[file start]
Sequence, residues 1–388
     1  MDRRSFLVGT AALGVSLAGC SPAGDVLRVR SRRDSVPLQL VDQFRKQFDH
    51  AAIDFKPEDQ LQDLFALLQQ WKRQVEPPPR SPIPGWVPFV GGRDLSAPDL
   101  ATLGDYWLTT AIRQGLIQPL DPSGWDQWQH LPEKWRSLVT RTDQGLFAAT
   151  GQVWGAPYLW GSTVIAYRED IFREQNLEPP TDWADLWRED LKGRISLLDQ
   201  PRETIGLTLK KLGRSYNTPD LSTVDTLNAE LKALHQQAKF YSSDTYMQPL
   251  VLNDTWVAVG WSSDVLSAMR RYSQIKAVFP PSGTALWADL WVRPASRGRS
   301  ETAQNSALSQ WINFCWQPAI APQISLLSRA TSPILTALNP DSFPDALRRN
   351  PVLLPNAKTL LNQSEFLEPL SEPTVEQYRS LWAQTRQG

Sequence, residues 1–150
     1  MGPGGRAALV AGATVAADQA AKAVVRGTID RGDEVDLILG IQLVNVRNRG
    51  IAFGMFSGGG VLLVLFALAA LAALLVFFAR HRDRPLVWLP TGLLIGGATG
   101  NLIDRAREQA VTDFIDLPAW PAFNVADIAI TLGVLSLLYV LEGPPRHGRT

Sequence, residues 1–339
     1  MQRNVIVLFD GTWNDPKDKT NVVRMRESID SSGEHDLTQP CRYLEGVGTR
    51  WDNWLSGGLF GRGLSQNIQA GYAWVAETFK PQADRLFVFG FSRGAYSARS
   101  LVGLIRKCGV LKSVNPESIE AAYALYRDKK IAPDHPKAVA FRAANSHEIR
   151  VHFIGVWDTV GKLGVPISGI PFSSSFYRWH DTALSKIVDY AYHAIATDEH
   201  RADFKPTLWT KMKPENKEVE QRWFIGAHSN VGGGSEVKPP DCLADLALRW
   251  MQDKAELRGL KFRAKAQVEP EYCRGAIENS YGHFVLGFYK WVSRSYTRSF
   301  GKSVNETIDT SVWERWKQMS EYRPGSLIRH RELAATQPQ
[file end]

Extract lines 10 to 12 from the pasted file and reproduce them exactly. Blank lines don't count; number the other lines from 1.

Sequence, residues 1–150
     1  MGPGGRAALV AGATVAADQA AKAVVRGTID RGDEVDLILG IQLVNVRNRG
    51  IAFGMFSGGG VLLVLFALAA LAALLVFFAR HRDRPLVWLP TGLLIGGATG